A native of Phoenix, Arizona, and an Arizona State University graduate, Lee Robert has developed her unique music style she calls “Cowgirl Jazz.” Her ninth CD, “Swing Set,” was recently voted Best Western Swing Album of the Year by The Academy of Western Artists and, in November 2018, she was voted Best Western Songwriter of the Year in 2019 by The International Western Music Association. (www.leeleemusic.com)
She is the author of two books. One is a biography of her father, Cavett Robert, founder of the National Speakers Association. The other book, published by Simon and Schuster, GenderSell: How to Sell to the Opposite Sex. Lee has completed more than 1000 hours of research on the topic of risk-taking to manage life in the fast lane.
Lee and her husband, Rick, live half the year in Paradise Valley, Arizona, and the other half in Jackson Hole, Wyoming.
We live in a world of transformational change. When we experienced a computer, we could never go back to a typewriter. When we started listening to music on a “take it with you anywhere” mobile device, a record player took on a whole different place in our world. Google, Wikipedia, and Bing have become our go- to sources for inquiries about the world around us, and The Encyclopedia Britannica has become a dusty set of books in a library. Siri, and her directions, complete with dialects, has become the “map” of the twenty-first century.
Expect more change in the next fifty years than in the previous 500 years. There was more information for us to assimilate in this morning’s newspaper, than the average person in the sixteenth century had to assimilate in an entire lifetime!
How can we keep up? How can we deal with this level of change and disruption in our lives? Things are never going to be “business as usual” again. How can we change with accelerated change and finish strong?
Take my hand and let’s walk through the door of the life we will have five years from now. Will we look into the eyes of our best self, or will our eyes be filled with regrets? Are we willing to enter the “discomfort zone” to grow a better life for ourselves? Will we bet on our bright future and be willing to learn to be “comfortable with being uncomfortable” to make the rest of our lives the best years?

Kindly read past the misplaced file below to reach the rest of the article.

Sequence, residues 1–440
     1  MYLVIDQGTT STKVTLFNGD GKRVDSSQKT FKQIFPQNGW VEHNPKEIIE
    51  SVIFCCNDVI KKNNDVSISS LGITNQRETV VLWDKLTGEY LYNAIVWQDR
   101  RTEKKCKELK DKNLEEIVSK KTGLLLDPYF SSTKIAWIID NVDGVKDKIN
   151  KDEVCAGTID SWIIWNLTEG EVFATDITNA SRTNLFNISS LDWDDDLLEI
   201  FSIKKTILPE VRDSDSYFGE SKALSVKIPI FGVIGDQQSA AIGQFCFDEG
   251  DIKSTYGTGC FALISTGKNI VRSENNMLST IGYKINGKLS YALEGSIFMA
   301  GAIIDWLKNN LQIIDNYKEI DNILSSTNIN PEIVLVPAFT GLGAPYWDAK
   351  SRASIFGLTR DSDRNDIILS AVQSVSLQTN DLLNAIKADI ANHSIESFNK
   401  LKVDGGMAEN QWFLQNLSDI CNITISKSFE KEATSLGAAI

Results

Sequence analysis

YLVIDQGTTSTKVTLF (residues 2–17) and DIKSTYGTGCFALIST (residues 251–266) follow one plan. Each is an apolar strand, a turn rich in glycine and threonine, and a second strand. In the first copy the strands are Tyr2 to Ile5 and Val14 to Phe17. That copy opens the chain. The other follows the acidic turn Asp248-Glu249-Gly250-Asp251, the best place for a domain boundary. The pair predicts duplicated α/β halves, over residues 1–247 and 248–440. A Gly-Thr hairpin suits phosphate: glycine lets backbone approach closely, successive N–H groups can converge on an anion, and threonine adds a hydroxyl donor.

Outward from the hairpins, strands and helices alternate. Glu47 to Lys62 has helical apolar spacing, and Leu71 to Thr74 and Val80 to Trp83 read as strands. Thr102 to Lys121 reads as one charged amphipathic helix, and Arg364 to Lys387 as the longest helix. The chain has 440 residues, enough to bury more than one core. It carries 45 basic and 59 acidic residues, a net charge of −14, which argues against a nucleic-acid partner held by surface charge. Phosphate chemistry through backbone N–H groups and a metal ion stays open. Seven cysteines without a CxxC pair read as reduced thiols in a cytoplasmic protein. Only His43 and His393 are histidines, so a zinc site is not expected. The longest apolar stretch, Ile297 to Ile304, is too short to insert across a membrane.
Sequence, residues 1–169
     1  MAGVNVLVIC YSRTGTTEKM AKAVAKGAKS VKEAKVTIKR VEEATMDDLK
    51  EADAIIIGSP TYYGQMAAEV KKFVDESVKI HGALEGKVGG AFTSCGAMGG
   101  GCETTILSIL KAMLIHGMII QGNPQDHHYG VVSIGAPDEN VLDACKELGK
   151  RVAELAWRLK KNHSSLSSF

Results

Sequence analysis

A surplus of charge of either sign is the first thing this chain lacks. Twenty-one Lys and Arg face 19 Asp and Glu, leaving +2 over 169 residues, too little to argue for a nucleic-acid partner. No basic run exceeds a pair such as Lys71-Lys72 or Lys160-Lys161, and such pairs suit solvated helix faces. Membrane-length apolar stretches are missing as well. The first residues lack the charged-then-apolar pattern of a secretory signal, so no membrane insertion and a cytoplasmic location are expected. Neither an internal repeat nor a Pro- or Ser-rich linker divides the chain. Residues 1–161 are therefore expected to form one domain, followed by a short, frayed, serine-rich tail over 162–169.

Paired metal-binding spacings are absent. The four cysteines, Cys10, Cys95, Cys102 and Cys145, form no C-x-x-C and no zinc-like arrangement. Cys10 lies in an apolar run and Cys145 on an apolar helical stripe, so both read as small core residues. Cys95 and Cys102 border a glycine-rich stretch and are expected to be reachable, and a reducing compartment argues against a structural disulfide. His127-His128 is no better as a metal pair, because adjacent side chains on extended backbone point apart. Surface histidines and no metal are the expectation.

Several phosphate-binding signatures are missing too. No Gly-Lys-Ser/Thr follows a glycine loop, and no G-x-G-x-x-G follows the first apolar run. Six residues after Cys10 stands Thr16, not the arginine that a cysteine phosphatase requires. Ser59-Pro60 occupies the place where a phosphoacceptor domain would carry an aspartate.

Risk-taking is a powerful tool we can learn to finish strong. Risking is defined by Dr. David Viscott in his book Risking as “the ability to exceed our usual limits in reaching for any goal, and fear, uncertainty, and doubt must be part of the process.”
Taking risks and being able to expand our ability to tolerate the emotions he cites will determine if we finish strong.
I remember a time when I joined my dad’s public speaking business. I had been a professional singer and musician most of my adult life and thought it would be a way to increase my revenue stream. I figured I needed to build some skills, so I joined Toastmasters International and proceeded to learn more about public speaking.
Within three months of my joining Toastmasters, my dad and I were invited to speak to a group of 12,000 people. When I heard the number of people in the audience, my knees buckled, my mouth went dry, and my hands started to sweat. Stage fright descended on me like toxic fumes. I was not ready to speak to 12,000 people. When my dad went to speak to this group without me, I breathed a sigh of relief.
About a year later, I wondered if I’d made a mistake. Maybe I’d let a chance of a lifetime slip through my fingers. Two years later, I started to feel remorse and regret that I would never have the opportunity again. I started thinking I’d made a mistake by not grabbing the opportunity when it came to me.
Three years after the initial invitation, my dad and I were again both invited to speak to the same group. The audience had grown to a size of 25,000 people but, this time, I said, “Yes! I’ll do it!”
The experience of singing and speaking to this group and receiving a standing ovation before 25,000 people, was one of the highlights of my life. It felt like a tidal wave of positive human energy washing over me. A dream come true!
When I feel myself being intimidated by fear, uncertainty, and doubt I remember the analogy of passing in a car. Let’s say I want to drive to the beautiful Red Rocks of Sedona. I get stuck behind a big truck on the freeway... the diesel fumes smell awful. I decide I’m going to have to pass the semi—the pain of the problem has exceeded the price of the cure. I look up ahead and it appears clear to pass—do your homework, your research. I put the pedal to the metal—your courage is your main tool of growth. After you pass, you glide back into your lane and look in the rear- view mirror—evaluate how things went and assess your performance. Reward yourself.
By learning the art and science of risk-taking to finish strong” you can face your challenges knowing you have a proven method of growth that will never leave you wondering if life passed you by. You will never be left with regrets. You will become the best you possible, which ensures a strong finish.